So bah humbug here, would prefer not to see Christmas (ho ho) ho-ed by Coca Cola and will be tending the home fire with her family on the night of this event.


False Deities and Commodifying Kindness — 9 Comments

  1. Well said. i wonder if many people know how ‘kind’ Coca Cola are in their business ethos, about the many issues that blacken the Coca-Cola brand; the infringement on workers rights, the environmental impact and drought caused by the bottling plants and the pure disregard that The Coca-Cola Company has for the communities it inhabits. After thinking about it, alongside how generally bad for your health all of their products are, despite me partaking in the odd drink, I’ve decided my children do not need to associate their happy Christmas with coca cola either x

  2. I, like a lot of others who live a certain distance away from Chichester, will be making a rare trip to the city tomorrow – to see the lorry, and to check out the shops.

    When I get thirsty and fancy a snack, I’ll remember your shop! I’ll also remember the mad, ranting owner who is so outraged by what Coca-Cola are unjustly inflicting upon you, and just go to Starbucks instead.

    • Dear Nothanks,
      Starbucks, really? But that’s like on a whole different street to where the truck will be parked up. Surely you’d want to go to Cafe Nero – that’s practically at its doorstep, you’d have perfect view of the truck and with an added bonus of having access to the cafe’s wifi so you could tweet about the truck if you so wish. I believe there is even a special hashtag for the event. It’d be awful if you end up missing anything by being on another street sipping your coffee, seeing that you would’ve travelled a fair distance to come look at a truck.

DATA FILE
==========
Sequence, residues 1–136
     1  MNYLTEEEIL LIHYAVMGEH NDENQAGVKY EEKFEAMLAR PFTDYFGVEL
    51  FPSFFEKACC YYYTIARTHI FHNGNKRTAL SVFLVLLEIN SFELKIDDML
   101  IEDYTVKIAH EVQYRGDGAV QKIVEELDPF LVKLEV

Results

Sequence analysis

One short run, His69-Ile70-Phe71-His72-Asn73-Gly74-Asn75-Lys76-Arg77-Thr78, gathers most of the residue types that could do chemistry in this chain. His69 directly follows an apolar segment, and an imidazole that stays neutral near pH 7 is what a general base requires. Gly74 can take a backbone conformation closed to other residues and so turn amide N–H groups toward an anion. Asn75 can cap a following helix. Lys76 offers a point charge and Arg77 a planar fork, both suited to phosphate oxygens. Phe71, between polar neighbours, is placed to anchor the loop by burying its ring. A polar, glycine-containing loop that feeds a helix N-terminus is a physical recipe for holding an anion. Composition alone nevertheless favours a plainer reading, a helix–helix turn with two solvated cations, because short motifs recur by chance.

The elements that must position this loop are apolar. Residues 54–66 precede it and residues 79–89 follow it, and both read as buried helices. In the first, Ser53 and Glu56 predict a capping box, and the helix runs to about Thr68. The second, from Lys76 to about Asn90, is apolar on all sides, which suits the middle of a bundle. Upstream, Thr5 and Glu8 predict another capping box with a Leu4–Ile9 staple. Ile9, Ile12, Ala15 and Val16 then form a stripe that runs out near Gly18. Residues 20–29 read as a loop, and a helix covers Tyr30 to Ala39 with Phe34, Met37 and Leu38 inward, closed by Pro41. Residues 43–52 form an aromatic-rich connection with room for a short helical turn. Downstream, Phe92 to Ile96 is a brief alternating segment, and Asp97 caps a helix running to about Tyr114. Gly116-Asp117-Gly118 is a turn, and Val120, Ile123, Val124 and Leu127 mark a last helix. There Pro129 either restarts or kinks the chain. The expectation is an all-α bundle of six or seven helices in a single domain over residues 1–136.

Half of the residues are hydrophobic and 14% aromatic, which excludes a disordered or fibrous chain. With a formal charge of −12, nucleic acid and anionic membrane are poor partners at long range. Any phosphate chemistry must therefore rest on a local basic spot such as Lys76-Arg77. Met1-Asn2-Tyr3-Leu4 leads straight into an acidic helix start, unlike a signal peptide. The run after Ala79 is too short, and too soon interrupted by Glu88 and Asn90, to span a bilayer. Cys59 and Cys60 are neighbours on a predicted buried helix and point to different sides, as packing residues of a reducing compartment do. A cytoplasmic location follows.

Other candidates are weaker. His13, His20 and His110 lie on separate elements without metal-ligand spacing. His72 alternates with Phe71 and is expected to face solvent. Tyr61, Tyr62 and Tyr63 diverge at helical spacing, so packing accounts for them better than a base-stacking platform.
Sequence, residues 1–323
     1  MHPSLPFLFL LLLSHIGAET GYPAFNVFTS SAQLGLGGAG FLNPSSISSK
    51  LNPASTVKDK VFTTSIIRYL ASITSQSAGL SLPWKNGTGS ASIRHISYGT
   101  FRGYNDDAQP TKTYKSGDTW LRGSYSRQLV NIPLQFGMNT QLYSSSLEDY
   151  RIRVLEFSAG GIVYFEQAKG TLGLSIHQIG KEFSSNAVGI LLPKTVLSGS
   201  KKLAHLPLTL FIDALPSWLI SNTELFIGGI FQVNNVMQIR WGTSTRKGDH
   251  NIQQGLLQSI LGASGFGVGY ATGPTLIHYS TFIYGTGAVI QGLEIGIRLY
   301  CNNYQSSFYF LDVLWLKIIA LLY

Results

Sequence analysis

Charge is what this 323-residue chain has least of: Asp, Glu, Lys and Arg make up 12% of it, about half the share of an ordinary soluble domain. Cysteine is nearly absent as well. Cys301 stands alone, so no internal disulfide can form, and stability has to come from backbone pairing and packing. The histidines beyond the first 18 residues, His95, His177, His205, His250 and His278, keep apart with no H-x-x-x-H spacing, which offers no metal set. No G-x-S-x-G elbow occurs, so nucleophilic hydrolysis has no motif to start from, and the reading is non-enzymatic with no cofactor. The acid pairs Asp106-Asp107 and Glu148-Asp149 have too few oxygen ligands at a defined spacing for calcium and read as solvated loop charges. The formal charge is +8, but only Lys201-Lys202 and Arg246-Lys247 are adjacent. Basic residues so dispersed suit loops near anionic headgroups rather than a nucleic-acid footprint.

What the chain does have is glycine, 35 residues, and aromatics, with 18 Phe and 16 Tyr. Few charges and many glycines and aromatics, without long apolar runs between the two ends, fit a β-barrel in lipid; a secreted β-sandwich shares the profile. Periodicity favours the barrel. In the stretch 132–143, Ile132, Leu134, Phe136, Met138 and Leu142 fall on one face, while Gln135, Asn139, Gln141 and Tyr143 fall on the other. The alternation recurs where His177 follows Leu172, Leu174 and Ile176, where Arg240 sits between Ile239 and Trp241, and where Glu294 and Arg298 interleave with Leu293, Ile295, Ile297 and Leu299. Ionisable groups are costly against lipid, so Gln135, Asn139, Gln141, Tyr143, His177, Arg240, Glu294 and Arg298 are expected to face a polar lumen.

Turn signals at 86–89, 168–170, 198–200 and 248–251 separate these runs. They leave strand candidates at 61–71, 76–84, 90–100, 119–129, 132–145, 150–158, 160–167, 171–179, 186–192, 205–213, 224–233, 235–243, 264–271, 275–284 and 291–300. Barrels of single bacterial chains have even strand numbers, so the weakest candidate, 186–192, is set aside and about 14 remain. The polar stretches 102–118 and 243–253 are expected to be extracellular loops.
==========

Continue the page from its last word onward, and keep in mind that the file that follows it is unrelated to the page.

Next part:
Thank you for spending the little hours of your morning writing your comment to me. Succinct with no misappropriation of punctuation marks.

      Merry Christmas.

        • Well, on that matter, I actually agree with you. However, of all the coffee shop chains in Chichester, cafe Nero does make significantly better espresso than Starbucks.

  3. As always eloquently put and on the nail. The mass marketing of Christmas as a consumerist holiday makes me feel quite ill. We are made to feel as if we have to give gifts to show our love. We all chase our tails spending money we don’t really have to buy things for others that they don’t really want, and the real beneficiaries are the big companies. I commend you for taking a stand, and wish people would see Christmas for what it is,(at it’s very core) an opportunity to enjoy your friends and family. Coke Cola should remember they don’t own it and councils should have the balls to tell them where to go!

  4. Brilliantly put Aida! Mass capitalist consumerism by big corporate giants. Trying to spread false Christmas cheer that is actually a cloak for advertising. It pisses me off as a business owner and as a general citizen that this is what they waste money on. And as you say this was the “big” surprise our council had in store for us. Shopper numbers are down hugely! Car parking expenses are at an all time high. They let Xmas markets that don’t pay rents and rates all year round take over the streets, obscuring business’s that do! I actually still can’t believe it, I mean seriously!! a bloody Coca Cola lorry! It’s embarrassing!

  5. Fucking A Aida! I too will drink the occasional coke & serve it in my cafe because people want me to. But they piss me off. They came to my cafe when I opened & tried to get me to buy coke cans directly from them for more than supermarkets charge for multipacks. They seemed shocked that I would rather buy a new fridge of my own than be told what to stock by them in exchange for getting to keep their 8 year old fridge that said Coke on the side.